Cramps: the natural juice that helps prevent them: this is how it is prepared

A muscle cramp is a sudden, involuntary contraction of one or more muscles, according to the Mayo Clinic, a nonprofit organization dedicated to clinical practice, education and research.

Also, Medline Plus, the US National Library of Medicine, indicated that some people have muscle cramps, especially in the legs, at night. In addition, they can be painful and last from a few seconds to several minutes.

However, cramps can occur in any muscle, but they most often occur in the:

  • Arms.
  • Abdomen.
  • Along the rib cage.

Additionally, the non-profit entity revealed that while most muscle cramps are harmless, some may be related to undiagnosed conditions, such as:

  • Inadequate blood supply. Narrowing of the arteries that supply blood to the legs (atherosclerosis of the extremities) can cause pain similar to leg and foot cramps when exercising. These cramps often go away soon after you finish the exercises.
  • Nerve compression. Compression of the nerves in the spine (lumbar stenosis) can also produce pain similar to leg cramps. The pain usually gets worse the more you walk. Walking in a slightly bent position (such as when pushing a shopping cart) may improve or delay the onset of symptoms.
  • Decrease in minerals. Not enough potassium, calcium, or magnesium in your diet can contribute to leg cramps. Diuretics (medicines often prescribed for high blood pressure) can also lower these minerals.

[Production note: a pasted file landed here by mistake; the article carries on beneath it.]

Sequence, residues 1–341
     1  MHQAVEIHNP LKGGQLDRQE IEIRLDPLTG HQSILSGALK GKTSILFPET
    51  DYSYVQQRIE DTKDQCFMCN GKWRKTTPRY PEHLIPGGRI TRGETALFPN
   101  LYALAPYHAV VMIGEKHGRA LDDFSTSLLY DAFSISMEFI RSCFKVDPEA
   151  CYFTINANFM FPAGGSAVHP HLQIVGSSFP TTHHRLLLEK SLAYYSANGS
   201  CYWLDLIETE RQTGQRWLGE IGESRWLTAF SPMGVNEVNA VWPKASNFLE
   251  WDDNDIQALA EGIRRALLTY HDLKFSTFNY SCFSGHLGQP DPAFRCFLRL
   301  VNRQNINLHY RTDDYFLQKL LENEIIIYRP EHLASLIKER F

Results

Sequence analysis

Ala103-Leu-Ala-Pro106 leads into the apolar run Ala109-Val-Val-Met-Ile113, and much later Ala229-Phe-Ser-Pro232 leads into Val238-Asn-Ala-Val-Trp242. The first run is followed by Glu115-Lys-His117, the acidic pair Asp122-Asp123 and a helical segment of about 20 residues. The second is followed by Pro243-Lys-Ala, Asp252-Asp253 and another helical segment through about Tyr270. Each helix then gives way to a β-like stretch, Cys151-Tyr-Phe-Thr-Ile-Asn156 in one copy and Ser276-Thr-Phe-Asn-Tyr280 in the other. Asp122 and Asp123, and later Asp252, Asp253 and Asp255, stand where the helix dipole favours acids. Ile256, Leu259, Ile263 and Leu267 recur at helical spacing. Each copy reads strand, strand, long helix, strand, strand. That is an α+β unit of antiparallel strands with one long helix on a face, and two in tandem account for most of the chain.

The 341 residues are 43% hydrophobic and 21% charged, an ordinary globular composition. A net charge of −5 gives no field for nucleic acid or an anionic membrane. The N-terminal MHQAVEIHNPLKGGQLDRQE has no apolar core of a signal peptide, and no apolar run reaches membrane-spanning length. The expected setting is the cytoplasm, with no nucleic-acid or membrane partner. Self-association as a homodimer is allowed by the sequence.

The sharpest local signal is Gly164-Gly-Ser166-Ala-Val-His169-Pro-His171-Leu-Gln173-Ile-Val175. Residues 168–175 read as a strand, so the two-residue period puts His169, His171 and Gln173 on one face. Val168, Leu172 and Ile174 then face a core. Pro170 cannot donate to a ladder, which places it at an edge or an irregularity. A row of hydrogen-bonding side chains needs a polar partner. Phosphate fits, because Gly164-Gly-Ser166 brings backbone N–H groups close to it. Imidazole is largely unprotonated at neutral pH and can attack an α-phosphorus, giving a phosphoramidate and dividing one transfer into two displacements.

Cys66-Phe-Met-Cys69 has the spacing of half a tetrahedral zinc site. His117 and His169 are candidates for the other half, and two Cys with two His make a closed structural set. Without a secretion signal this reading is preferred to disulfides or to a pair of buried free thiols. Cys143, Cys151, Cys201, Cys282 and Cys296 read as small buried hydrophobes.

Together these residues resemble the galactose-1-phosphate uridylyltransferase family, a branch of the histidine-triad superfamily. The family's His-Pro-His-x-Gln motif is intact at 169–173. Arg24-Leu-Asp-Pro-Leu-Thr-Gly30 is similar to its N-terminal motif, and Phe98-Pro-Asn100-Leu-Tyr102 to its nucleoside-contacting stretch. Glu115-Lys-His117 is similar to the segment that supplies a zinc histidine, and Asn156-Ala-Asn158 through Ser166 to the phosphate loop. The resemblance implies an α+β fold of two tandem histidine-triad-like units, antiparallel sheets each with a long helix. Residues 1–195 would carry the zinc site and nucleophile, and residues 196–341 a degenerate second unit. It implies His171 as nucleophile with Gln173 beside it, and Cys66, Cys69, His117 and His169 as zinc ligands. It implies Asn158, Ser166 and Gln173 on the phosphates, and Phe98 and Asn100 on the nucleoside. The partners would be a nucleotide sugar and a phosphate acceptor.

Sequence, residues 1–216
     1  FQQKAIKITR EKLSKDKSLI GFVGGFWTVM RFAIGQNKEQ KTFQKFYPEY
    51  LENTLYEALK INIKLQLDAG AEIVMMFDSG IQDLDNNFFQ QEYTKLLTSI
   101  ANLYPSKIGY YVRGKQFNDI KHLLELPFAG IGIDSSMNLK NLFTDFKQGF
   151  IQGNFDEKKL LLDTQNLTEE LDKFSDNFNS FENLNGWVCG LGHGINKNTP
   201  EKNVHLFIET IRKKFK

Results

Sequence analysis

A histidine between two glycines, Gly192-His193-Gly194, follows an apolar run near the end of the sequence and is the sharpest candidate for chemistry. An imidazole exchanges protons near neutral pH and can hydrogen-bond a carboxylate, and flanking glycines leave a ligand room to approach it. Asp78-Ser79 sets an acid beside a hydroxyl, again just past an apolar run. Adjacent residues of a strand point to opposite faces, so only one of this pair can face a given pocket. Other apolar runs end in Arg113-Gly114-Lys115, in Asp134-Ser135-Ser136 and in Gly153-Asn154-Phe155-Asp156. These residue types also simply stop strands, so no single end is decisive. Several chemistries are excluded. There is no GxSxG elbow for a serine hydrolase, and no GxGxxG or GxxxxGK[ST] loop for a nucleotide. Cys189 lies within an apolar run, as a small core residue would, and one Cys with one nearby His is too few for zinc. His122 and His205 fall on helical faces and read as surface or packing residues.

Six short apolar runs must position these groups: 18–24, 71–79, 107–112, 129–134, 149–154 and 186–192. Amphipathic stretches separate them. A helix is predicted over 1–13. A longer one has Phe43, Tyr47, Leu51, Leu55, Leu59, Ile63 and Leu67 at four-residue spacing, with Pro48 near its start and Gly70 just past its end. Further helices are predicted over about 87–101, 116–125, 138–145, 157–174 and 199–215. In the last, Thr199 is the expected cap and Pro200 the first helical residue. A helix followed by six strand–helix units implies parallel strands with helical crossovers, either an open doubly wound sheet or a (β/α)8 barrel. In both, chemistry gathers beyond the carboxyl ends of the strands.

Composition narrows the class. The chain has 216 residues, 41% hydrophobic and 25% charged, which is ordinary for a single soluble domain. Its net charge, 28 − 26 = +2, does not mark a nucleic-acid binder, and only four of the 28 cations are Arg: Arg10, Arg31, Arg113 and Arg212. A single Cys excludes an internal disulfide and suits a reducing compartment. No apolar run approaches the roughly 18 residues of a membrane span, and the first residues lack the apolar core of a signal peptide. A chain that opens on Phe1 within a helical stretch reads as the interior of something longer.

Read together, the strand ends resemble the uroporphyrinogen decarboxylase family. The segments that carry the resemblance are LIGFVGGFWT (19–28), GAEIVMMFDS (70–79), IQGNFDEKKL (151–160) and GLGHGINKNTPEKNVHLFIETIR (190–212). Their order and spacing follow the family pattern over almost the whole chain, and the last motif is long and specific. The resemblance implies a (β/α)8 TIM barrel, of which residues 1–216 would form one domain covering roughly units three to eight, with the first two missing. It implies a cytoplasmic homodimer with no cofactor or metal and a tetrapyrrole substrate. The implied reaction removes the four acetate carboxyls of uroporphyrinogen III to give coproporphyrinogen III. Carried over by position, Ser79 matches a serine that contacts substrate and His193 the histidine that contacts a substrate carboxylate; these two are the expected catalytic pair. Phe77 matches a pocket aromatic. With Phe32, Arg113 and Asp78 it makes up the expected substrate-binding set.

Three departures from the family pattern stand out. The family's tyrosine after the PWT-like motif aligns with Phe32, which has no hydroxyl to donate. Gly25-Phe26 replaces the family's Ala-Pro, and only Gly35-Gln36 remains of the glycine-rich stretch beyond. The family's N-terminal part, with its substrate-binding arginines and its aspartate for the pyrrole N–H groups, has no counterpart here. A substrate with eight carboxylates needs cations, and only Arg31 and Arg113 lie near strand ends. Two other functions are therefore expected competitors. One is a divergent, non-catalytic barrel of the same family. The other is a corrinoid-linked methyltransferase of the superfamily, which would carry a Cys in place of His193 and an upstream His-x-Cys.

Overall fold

For this reason, the Portuguese portal for health, nutrition and wellness Tua Saude revealed that strawberry and cashew juice is ideal for muscle contraction and prevention of cramps, since “strawberry is rich in potassium, phosphorus and vitamin C, while cashew, also called cashew or merey, are rich in vitamins of the complex B and magnesium”.

To prepare it you have to blend a cup of strawberries, 150 ml of coconut water and a tablespoon of cashew.

In any case, before consuming the food, the first thing to do is to consult a health expert so that he or she can guide the process and indicate what is most appropriate for each person, since the information given above does not way replaces medical advice.

Another way to relieve pain is to increase your potassium intake, since, according to the National Institute of Health of the United States (NIH, for its acronym in English), the body needs potassium for almost everything, including for good performance kidneys and heart, muscle contraction and nerve transmission.

Therefore, it is important to know that this mineral is found in many foods such as bananas, avocados, dried apricots, prunes and raisins, orange juice, potatoes, spinach, tomatoes, broccoli, kidney beans, soybeans, walnuts, milk, yogurt, meats, poultry, and fish.

However, the average daily recommended amounts in milligrams (mg) are as follows:

  • Babies, up to 6 months: 400mg
  • Babies from 7 to 12 months: 860mg
  • Children from 1 to 3 years: 2,000mg
  • Children from 4 to 8 years old: 2,300mg
  • Children from 9 to 13 years old: 2,500mg
  • Girls from 9 to 13 years old: 2,300mg
  • Adolescents from 14 to 18 years old (boys): 3,000mg
  • Adolescents from 14 to 18 years old (girls): 2,300mg
  • Adults over 19 years of age (men): 3,400mg
  • Adults 19 years and older (females): 2,600mg
  • Pregnant teens: 2,600mg
  • Pregnant women: 2,900mg
  • Breastfeeding adolescents: 2,500mg
  • Breastfeeding women: 2,800mg

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